The basic idea of carbon dioxide mineral sequestration is to transform minerals (mostly calcium or magnesium silicates) with CO2 to (Ca or Mg-) carbonates. The most promising feedstock minerals are Olivine, Serpentine and Wollastonite. These silicates of Magnesium and Calcium react with CO2 to form the corresponding carbonates and SiO2. The decisive fact for these reactions is that all of them are exothermal which means that theoretically no energy is required for the reactions to proceed but could potentially even be gained. The resulting mineral carbonates are stable and abundant in nature anyways and could hence be disposed off without any considerable consequences.
The separated stream of carbon dioxide is transported to a mineral mining site where a chemical process scheme will be erected to convert the carbon dioxide with a mineral to the carbonates which then can be disposed off back in the mine. A variety of process pathways are described in literature for the mineral carbonation process.
An overview of the proposed pathways is shown in the below figure. These processes can roughly be divided into direct and indirect routes. In the direct routes the dissolution and the carbonation proceed in one step, whereas in the indirect routes the reactive compound is first extracted from the mineral and then carbonated in a second step.
Investigated CO2 mineral carbonation process pathways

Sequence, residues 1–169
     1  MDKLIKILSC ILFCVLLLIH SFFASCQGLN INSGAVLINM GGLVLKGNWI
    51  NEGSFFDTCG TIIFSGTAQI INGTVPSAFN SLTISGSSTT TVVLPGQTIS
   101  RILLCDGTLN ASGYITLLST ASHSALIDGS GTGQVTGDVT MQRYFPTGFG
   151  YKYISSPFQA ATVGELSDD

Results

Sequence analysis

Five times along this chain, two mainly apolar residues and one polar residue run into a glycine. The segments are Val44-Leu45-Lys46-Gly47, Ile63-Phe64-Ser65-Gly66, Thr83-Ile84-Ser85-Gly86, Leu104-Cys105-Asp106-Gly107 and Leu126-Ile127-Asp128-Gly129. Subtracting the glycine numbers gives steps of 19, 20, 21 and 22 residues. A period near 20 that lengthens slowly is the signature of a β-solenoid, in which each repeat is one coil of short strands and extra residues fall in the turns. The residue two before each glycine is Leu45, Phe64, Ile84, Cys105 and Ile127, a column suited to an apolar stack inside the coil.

The indirect process routes can be further subcategorized into strong acid and weak acid approaches.
The carbonation and solvent recovery proceed in one step. The solvent (HX) has to be more acidic than silicic acid (pKa = 9.61) thus being able to dissolve the mineral. At the same time the solvent has to be less acidic than carbonic acid (pKa = 3.6) as the acid shall be replaced by carbonic acid in the crystallization step. The strong acid approaches can be split up in three process steps:
In a first step, the mineral is dissolved in a strong acid. The carbonation proceeds in a second step if the pH is raised. With energy input (ΔH>0) the salt can then be recovered to the original acid and base. Further variations of the strong acid approach are described with a split up carbonation stage
This approach is favorable as the exothermic energy from the carbonation step is available on a fairly high temperature level and can possibly be utilized for e.g. the acid recovery step.